4. Libraries as we know them. These are already changing and I think will continue to change into spaces with varied functions - perhaps very large spaces where lots of things are happening and where books, Kindles, iPods or whatever digital assistants are called in 2020 are available - they may even be where online learning takes place. Think of the Online School for Girls where physical brick-and-mortar classes are supplemented by online classes. When the online learning happens during the school day - where does it happen? How about in the Library which has morphed into a School of One/large Google space with collaboration and other possibilities going on.

5. Being uninformed. Everyone will get the feeds they need to be informed as learners and as community members. However, somehow the filtering and the digesting and the organizing has got to be better than it is right now.

6. Teachers not being available to students. This is controversial I know. But somehow if education is moving away from a traditional school day there has to be a way for teachers to be more available. Whatever the equivalent of texting, Skype, etc. will allow teachers and students to communicate more frequently with teachers able to indicate when they are on the grid and when they are away.

7. Lack of choice by students. Students will have more choice about what they learn, how they learn, and how they will demonstrate what they've learned. I talked to a student in Iowa who said one of her favorite history classes allowed her to take a project and just learn about it the way she wanted and then demonstrate it using the tools and vehicles she wanted.

8. Big old heavy textbooks. Yes, they will be a thing of the past and my daughter (age 18) and her generation will say, "in my day we carried these huge backpacks that weighed nearly half what we did and our spines just about got permanently curved."

9. The Digital Divide. This cannot continue, education must be universal, so therefore must be access to everything including technology.

10. Traditional college applications. They'll be video based, face-to-face, portfolio-informed, with teachers giving their "recommendations" as videos - or - in video response to video questions posed by colleges.

11. Bandwidth Issues. Obviously, this must go away, and high speed access must be the norm in every community whether wealthy or poor, urban or rural.

I can hardly wait!

Tuesday, November 23, 2010

The End of - Full Time Jobs?

I was in Sydney, Australia last week working with Digital Education Revolution NSW Australia and giving a keynote and workshops to Secondary School Principals, all around 1-to-1. I was talking with Ben Jones who explained that he worked on a contract basis as do many Australians with contracts expired and renewed after the job expires or changes and with an expectation that this is how work will occur.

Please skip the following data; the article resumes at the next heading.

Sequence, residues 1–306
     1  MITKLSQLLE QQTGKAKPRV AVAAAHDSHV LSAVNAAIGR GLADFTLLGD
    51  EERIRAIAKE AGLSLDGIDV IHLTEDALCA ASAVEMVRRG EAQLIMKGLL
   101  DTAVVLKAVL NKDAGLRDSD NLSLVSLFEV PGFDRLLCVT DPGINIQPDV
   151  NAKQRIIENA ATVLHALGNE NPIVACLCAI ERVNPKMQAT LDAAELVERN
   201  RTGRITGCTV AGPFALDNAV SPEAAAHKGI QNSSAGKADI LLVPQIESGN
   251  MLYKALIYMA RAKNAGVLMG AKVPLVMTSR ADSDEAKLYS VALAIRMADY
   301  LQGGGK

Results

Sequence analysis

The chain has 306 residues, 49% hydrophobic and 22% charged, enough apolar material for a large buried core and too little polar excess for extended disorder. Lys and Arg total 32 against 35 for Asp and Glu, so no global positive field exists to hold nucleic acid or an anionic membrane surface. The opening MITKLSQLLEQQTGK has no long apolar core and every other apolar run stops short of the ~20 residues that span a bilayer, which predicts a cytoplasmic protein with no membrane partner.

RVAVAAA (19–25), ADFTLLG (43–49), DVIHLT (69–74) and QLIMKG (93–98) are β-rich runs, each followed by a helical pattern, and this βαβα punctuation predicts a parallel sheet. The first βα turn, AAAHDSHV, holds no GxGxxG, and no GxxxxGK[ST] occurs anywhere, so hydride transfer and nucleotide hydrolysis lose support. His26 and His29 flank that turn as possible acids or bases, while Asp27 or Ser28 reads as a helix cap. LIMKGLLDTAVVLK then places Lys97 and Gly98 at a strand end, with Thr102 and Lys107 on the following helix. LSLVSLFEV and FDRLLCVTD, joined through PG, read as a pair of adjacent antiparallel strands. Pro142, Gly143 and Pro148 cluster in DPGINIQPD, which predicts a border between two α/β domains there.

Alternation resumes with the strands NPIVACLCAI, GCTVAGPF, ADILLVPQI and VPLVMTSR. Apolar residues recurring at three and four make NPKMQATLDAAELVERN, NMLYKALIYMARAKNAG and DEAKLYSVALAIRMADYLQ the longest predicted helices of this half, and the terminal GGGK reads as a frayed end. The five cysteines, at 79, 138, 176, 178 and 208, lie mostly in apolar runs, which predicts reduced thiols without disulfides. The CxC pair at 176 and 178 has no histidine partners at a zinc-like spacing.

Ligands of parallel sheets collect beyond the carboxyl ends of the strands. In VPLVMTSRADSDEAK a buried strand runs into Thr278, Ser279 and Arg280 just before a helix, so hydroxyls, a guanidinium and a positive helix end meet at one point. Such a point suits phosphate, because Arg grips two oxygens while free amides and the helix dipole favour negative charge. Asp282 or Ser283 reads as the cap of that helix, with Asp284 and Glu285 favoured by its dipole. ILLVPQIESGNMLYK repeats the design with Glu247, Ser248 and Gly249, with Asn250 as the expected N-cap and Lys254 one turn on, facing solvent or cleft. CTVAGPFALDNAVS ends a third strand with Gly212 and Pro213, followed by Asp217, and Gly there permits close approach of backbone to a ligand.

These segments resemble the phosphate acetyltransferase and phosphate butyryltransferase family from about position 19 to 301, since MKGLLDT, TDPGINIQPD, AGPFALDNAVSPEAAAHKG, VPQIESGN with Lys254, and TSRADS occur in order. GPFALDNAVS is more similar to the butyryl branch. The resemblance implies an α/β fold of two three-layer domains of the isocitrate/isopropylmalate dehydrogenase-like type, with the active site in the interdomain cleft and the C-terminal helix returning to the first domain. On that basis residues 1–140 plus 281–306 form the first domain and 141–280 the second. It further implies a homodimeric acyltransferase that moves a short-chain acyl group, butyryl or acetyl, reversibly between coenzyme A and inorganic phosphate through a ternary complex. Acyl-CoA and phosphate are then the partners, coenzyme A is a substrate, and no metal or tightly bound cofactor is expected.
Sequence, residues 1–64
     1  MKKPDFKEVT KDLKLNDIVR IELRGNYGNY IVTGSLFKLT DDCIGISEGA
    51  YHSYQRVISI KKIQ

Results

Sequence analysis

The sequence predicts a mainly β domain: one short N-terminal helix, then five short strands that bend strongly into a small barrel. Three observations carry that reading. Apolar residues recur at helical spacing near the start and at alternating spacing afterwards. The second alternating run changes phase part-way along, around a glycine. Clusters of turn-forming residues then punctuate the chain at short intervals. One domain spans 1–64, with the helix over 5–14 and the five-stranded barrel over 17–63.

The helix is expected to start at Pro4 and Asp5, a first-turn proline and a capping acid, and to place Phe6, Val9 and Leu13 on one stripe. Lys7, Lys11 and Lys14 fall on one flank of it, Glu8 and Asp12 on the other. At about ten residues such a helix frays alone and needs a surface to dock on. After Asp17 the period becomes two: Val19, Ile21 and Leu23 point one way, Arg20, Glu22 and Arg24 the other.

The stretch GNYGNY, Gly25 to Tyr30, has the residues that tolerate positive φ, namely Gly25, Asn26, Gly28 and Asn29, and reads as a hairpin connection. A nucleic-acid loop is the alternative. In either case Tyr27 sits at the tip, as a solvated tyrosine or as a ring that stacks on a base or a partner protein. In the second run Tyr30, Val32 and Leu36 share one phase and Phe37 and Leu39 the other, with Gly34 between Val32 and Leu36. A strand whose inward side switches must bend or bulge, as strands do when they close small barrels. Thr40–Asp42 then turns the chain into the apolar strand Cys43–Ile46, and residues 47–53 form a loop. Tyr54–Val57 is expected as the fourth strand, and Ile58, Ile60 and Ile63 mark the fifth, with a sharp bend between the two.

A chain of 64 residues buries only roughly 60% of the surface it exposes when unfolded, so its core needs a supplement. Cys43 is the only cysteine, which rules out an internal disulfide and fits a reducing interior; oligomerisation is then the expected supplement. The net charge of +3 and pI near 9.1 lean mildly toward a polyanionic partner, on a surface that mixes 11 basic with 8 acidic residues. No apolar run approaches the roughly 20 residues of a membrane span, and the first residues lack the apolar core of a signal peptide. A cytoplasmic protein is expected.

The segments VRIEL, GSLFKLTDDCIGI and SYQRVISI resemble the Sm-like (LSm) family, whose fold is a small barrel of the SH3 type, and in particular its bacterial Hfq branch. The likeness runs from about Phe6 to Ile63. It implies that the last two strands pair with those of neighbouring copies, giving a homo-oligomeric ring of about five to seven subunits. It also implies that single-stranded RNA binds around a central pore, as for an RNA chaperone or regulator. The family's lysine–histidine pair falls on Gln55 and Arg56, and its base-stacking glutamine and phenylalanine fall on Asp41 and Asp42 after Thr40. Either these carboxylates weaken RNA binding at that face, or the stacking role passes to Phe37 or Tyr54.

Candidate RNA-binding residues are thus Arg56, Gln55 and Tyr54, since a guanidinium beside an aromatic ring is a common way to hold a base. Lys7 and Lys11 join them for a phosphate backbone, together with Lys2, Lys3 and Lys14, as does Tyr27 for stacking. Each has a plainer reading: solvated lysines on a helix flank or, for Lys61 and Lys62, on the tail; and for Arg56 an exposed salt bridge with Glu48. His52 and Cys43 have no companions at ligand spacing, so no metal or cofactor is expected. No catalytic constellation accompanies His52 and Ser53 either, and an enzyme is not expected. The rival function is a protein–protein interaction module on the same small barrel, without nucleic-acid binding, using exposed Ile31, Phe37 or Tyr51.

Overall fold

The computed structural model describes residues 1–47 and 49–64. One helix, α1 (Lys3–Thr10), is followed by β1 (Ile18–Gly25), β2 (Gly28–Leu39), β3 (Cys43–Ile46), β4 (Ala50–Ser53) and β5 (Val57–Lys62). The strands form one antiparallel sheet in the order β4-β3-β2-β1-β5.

Thinking now of what is happening in the U.S. with a 9.6% unemployment rate, with much underemployment and disenfranchised people who have stopped looking for work, talk that many of the lost jobs are never coming back and wondering if this is the beginning of the end of the full time job as we know it.

Technology for all its benefit also has a downside in that it can automate away jobs. Just look at how many workers were required 30 years for nearly any organization and how many are needed now. A trip to the grocery store to see the advance of self checkout is just one example.

So many things have converged right now - globalism, high speed Internet, accessible open-ended tools, economic crises, more Americans working from their homes.

What if where we are leading is to have contract-based work everywhere, with organizations finding pools of workers to accomplish projects for short periods and paying just on the work needed, a truly mobile and responsive workforce without the guarantee of a fulltime job of indefinite length - but instead working by contract to do specific projects for specific amounts of time at hourly or per diem rates. People will be working from their homes or possibly temporarily from the organizations, using technology (computers, smart phones, Internet, conferencing and Web based collaborative tools) to work with their fellow temporary team members to accomplish the project and then disband for the next contract.

If so, we have even more reason to ensure that the students we are teaching learn how to be flexible and adaptable, able to locate, leverage and synthesize information quickly to solve problems, report and publish on findings, and create new ideas.

It's exciting to live now but the sand is shifting continually.

Monday, November 8, 2010

Thinking About Sydney - Keynote for Educational Leadership - Getting Teachers Onboard

First let me invite you to an EduTweetup if it can work for you - that's Sydney time by the way, NYC + 15 hours.

Next, enjoyably neck deep in creating a keynote and a workshop (to be given several times) in Sydney the week of November 15. Some ideas coming to the forefront:
  • We have to change the assignments if we don't want the same old thing -- static reports that only reward Master Manual Regurgitators to now static reports that reward Master Digital Regurgitators. Why regurgitate at all? Wasn't good then, not good now. In fact counterproductive and time-wasting even.
  • The hard stuff with 1-to-1 happens AFTER the hardware/network/infrastructure/logistics/initial buyin happens - that's the humanly complex process of adaptating, morphing, reflecting, rethinking and changing.
  • Adult learning is not always considered when PD is designed and should always be.
  • Interactivity is key in the classroom and in the keynote room.
  • I have learned a whole lot from my PLN - they inform me every time I create a Prezi or write an article. How lucky are we to live in a time when collaboration is so accessible.

Sunday, September 26, 2010

1-to-1 and Leadership